Lauren (06:24):

Yeah. We do that with you know, this a friend of mine gave me this idea when her kid, her kids are older than mine, so she would get them notebooks and a append and turn them into naturalists. You know, I would love that out. And, and so rather than, you know, cuz everybody has that experience with their children where they’re bored. Yeah. you know, rather than pull something else out, they had their notebook and they, and they would draw what they saw or they would write it. So, you know, we do that. We, we piggybacked on that idea and we, we each have our notebooks and I

Lisa (07:01):

Love that. I love that. Yeah. That’s fantastic. It’s almost like that, that’s piggyback. I love when I travel the places to write a postcard to myself. <Laugh>. That’s awesome. That’s

Lauren (07:11):

A great idea. Right?

Lisa (07:13):


Lauren (07:13):

A great idea. Yeah. I

Lisa (07:15):

Still haven’t received the ones from Egypt though. I’m like, okay, that’s two years. Oh, three years ago. I dunno what happened to them, but most of the time I received them and it’s awesome.

Lauren (07:25):

And it was awesome.

Lisa (07:27):

<Laugh>, sometimes I, I I, I send them to my cats, but you, you know, we’ll see. The other one that I love was taking tours. If you have that opportunity that’s really creative to get another perception. I think there’s so many in, in national parks, there’s so many skilled professionals that really can give you a new perception of, of where you’re at, which is so cool.

Lauren (07:51):

Yeah, I like that. That’s, yeah, that’s kind of, I know it’s an experience of opening your mind, right?

Lisa (07:59):

Yeah. It’s like perception. And I don’t know if you’ve ever gone to like a place that you know, like you didn’t really understand. Say it’s a Native American sacred site and you really, you kind of know what it is, but you don’t, and then you have an an expert or somebody who knows what it is and you’re like, oh, wow. And then you can really connect with it also. So that’s a beautiful,

Lauren (08:18):

Yeah. I think that, oh, so that’s cool. Okay. So what you could do mm-hmm. <Affirmative>, if you could like, be there and either make a mental note or make a, like a note in your journal that you’re taking with you about what you’re drawn to visually or emotionally at this site where you are. And then go on that tour and then do it again and kind of see if you’re drawn to something new or drawn to some the same thing in a different way because of what you’ve learned. It’s sort of like, I used to do this with, in museums, I didn’t like to know the title of the artwork right before I saw the artwork mm-hmm. <Affirmative>, because I wanted to know what the title would do to my psychosis around the artwork. Right. So you walk up to a painting, you experience it, and then you read the title and the artist’s statement about it. And your experience is different because your, your influenced by, I mean words are in influential, right? They’re their own, they’re their own artwork in itself. So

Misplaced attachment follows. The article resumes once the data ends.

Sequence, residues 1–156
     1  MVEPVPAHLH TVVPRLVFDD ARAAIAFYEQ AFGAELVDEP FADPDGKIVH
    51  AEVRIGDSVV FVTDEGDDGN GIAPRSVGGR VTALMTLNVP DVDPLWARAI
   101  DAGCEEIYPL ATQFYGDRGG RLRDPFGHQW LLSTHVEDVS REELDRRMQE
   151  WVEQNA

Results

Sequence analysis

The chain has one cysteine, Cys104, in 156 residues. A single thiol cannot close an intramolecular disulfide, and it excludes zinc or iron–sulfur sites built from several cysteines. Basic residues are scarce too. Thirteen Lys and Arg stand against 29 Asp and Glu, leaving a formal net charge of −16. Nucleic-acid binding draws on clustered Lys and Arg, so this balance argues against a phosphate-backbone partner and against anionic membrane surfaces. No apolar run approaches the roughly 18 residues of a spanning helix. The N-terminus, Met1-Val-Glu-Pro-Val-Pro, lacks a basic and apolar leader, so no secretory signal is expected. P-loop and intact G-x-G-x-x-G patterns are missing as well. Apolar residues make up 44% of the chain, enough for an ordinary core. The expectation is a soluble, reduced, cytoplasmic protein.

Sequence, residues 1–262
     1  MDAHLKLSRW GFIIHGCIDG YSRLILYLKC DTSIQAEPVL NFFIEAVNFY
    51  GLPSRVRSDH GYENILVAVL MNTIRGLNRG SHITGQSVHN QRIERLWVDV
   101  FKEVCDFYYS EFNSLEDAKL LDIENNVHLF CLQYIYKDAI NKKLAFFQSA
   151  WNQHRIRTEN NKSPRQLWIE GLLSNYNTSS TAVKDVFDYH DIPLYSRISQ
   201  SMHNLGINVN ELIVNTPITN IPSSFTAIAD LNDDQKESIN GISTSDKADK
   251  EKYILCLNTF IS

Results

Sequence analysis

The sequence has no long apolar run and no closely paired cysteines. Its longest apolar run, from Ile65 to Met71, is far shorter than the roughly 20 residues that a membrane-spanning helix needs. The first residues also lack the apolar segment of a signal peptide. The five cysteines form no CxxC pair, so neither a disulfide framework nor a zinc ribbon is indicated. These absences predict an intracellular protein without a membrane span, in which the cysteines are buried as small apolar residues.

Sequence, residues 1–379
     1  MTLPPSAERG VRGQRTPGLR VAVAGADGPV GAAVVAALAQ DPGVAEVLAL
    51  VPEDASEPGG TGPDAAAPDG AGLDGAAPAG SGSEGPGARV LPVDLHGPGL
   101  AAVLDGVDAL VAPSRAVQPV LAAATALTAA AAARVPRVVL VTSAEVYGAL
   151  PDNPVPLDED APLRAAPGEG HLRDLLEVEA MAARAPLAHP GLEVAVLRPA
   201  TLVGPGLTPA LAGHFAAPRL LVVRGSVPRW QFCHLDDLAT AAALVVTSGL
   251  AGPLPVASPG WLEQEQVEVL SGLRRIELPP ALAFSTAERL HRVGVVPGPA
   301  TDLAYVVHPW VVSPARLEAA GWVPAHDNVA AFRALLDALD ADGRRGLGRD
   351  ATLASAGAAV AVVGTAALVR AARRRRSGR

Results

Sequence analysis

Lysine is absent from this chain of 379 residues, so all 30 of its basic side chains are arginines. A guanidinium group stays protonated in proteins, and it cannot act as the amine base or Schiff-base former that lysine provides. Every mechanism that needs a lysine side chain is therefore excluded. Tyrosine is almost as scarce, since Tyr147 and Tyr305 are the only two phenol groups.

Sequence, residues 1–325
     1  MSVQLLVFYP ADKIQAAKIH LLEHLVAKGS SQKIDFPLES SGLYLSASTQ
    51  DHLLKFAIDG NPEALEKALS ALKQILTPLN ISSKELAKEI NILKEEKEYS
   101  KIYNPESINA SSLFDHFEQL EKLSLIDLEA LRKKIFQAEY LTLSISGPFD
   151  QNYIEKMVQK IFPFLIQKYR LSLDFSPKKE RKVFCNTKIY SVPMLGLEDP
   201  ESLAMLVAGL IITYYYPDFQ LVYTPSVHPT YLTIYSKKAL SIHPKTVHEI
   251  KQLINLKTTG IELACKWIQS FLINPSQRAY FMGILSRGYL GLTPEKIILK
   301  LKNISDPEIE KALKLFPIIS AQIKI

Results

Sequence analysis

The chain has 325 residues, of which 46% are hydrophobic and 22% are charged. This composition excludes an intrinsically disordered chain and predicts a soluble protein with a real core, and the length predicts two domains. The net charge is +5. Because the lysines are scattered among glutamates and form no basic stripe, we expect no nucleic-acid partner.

Lisa (09:17):

Yeah. I love that, that you used the word drawn. It’s like draw on, you know what I mean? Like, you’re drawing and that’s taking an heartbreak, but it’s also like maybe it’s a phy it is a physical action. You’re like, like I’m drawn to something. Like you’re drawn, like you, you are at the dot. That becomes the line as you’re drawn to, you know, to, to a petroglyph or, or something, you know? I think that’s really cool. The other thing is ask questions. You know, ask questions, especially if you’re with a group of people, a family, what if you, you know, start kind of asking the inquiry <laugh> ask questions where you’re at. Embracing the experience is another important. I think we’re, that’s the full circle. We keep on really talking about that. What else do I have? I did the art box and the art backpack, but I think also have fun and create like that bucket list. It, especially if you’re in our car for a long time, it’s really cool for family members or friends to create like this creative bucket list of where what you wanna see, what you wanna do in the world. Those are

Lauren (10:24):

Some beautiful Love that. Yeah. Yeah. So yeah, when you’re in, if you’re taking, if you’re in the car for a long period of time some fun breaks you can do that just involve driving in a window are, you know you can search for the rainbow. We do that a lot. We’re used at the top of the rainbow. You look for something that’s the color red, and then you look for something that’s the color orange and it’s sort of like a seek and fine game. And then obviously you can have art supplies in the car and the people who are not in on driving duty can sketch away or write letters or you know, find things outside the window to write about, draw about collage about things like that. And then you can also just make up stories you know, look some for something outside your window that inspires a subject matter for a new story and everybody can contribute to the story as they feel inspired to do so. So that’s another kind of in the car heartbreak.

Lisa (11:34):

Two things come to mind. I love hawks. So when I’m in on a road trip, I always like, oh my God, there’s a hawk that’s always kind of like, like a, you know, like everybody look at the hawk, find the hawk, or you gotta find the hawk. The other one is that movie with who Bear, it was so cute. I think it was Christopher Robinson, it was the latest one. Maybe <laugh> a crew bear. What he does is he’s traveling on the train, he’ll like point out tree <laugh>, you know what I mean? Bush,

Lauren (12:01):

Like I related to that scene like more than a human should, because I was like, someone knows what it’s like to be me <laugh>, because totally like tree train cow

Lisa (12:16):

<Laugh>. I embrace that a lot. Any other ideas? I mean, there’s so much fun you can do. I just think that, you know, if you have some time, do some preparation and, and get some stuff together or have some fun and do spontaneity, organic things. Yeah.